MATTHEWS: Let me ask you about a sequence of events. Suppose they drop a nuclear weapon somewhere in the Pacific. It doesn`t do any immediate harm to any nation, but it basically says to President Trump, screw you.

Trump then has to do something. Does he attempt a surgical strike? What are the -- what would be the steps that would lead to real trouble here? Can you see the sequence?

KRISTOF: So, I think that -- I think one thing the U.S. is contemplating is striking a missile after it has left Korean territory. And I think that we might be able to get away with that or they might respond. I don`t know.

But one of the things we`re also talking about is striking an ICBM as it is being fueled on the launch pad. And I am very sure that there would be some military response from North Korea.

I don`t know whether that would mean a few artillery shells at Seoul, hitting a South Korean nuclear power plant, hitting a U.S. base in Tokyo. I don`t know.

But one of the problems when you war game scenarios between North Korea and the West is that there`s this rush to escalate, because each side is on a hair trigger.

MATTHEWS: Neither personality, Mr. Kim Jong-un, as we know him, or President Trump, as we know him quite well, seems like the kind of person who would pull back, the way that Nikita Khrushchev did in 1962, that would say, OK, I went too far, I`m going to pull back and take the heat, even if it means the loss of my regime, which was the case with Khrushchev.

Do either of these personalities strike you as the person that, when the goodness for humanity or concern for humanity, would pull back and stand down?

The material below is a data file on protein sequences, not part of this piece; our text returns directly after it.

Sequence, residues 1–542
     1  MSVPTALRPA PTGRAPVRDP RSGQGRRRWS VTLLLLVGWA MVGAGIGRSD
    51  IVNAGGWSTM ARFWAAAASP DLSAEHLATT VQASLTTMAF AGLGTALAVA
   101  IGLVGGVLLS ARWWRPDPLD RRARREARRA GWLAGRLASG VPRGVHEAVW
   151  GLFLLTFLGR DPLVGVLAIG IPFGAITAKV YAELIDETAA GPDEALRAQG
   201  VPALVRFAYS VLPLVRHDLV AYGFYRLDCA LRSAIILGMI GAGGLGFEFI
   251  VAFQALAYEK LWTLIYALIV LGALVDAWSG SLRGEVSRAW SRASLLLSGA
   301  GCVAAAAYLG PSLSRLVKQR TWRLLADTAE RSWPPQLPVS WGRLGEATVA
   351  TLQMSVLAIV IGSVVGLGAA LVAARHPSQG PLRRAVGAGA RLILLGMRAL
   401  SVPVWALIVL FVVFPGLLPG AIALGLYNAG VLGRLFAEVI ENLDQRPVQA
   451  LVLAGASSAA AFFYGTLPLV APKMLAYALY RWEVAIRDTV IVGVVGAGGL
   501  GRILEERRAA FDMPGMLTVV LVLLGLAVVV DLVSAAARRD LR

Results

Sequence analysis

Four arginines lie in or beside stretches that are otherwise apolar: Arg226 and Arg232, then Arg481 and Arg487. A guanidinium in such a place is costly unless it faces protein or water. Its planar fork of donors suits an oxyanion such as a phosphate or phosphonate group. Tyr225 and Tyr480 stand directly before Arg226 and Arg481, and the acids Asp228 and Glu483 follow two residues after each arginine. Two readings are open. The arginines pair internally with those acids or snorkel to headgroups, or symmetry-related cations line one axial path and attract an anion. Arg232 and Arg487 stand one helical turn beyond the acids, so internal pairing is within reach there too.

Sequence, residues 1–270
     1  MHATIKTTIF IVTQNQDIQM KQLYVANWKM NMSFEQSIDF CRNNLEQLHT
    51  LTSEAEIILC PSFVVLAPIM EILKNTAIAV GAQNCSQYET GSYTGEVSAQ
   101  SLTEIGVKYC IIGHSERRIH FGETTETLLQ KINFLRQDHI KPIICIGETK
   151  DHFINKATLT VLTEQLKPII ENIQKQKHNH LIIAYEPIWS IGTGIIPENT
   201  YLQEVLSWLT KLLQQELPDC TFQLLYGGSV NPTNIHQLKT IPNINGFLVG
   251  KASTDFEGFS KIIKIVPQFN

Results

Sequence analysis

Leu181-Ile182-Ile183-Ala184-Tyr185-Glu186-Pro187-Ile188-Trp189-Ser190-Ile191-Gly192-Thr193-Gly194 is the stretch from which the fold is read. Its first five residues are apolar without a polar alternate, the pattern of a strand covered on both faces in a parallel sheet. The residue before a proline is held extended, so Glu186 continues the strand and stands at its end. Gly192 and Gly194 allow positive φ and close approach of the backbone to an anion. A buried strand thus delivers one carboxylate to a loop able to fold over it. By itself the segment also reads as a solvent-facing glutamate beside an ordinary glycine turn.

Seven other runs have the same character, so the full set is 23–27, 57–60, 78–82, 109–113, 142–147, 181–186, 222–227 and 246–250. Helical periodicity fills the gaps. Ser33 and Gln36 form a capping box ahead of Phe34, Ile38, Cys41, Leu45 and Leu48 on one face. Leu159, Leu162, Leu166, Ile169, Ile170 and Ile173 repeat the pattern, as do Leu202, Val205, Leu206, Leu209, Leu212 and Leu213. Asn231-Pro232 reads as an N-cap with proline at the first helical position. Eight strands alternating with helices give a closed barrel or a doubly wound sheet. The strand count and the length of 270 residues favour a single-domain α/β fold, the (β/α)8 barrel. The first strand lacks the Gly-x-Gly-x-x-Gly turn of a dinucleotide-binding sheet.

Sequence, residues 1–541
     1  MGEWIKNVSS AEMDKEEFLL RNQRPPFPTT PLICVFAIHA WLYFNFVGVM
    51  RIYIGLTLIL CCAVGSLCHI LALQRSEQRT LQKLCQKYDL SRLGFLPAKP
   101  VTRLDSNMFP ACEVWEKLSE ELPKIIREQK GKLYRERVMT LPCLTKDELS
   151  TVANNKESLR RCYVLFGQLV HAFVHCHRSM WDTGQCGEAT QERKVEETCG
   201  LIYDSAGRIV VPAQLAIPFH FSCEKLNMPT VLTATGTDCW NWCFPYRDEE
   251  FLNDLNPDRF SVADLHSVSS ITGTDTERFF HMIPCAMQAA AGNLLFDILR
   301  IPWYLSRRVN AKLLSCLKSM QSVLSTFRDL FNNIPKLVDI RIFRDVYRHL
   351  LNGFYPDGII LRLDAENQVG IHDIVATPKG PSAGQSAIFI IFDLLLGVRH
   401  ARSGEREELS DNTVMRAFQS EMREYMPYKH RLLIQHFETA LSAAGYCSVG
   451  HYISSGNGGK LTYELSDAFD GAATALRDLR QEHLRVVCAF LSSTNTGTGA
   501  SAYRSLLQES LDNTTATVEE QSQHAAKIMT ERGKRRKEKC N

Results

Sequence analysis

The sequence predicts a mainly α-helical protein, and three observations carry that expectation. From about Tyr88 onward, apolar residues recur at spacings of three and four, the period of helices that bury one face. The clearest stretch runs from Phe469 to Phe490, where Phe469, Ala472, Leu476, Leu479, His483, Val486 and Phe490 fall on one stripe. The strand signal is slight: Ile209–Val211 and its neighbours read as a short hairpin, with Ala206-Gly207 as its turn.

KRISTOF: No.

And I think that they`re both very sensitive to a perception that they`re weak. They`re very much into masculinity, as you said in the introduction.

MATTHEWS: Yes.

KRISTOF: And Kim Jong-un in particular I think has been parlaying President Trump`s rhetoric to boost his own legitimacy.

It was striking in talking to North Koreans that they had never heard of Otto Warmbier, the University of Virginia student who died after being jailed in North Korea. But everybody we talked to completely knew about President Trump`s speech to the United Nations, because North Korea wants them to know about it, because it fits into their narrative of Kim Jong-un as the protector of the Korean nation from American imperialist aggressors.

And so they have been very much ratcheting up the rhetoric and leveraging President Trump`s comments for their own propaganda purposes.

MATTHEWS: Doesn`t Trump know when -- well, this is a rhetorical question - - that when he identifies Kim Jong-un`s existence with the existence of his country, in other words, I`m going to destroy his country to get him, that he`s giving him all that he wants, which is identity with his country?

KRISTOF: Well, I don`t think President Trump gets that.

I must say, I think a lot of people in the administration do. I think there`s real disquiet among some elements of the administration and a real fear that President Trump is talking about military options, without understanding that this isn`t just, you know, a little exchange of artillery. This isn`t even another Iraq War, another Afghanistan war.

I mean, one assessment by a Stanford University professor suggested that just on the first day of another Korean conflict, there would be a million people dying, a million people on the first day.

MATTHEWS: Yes, I saw that.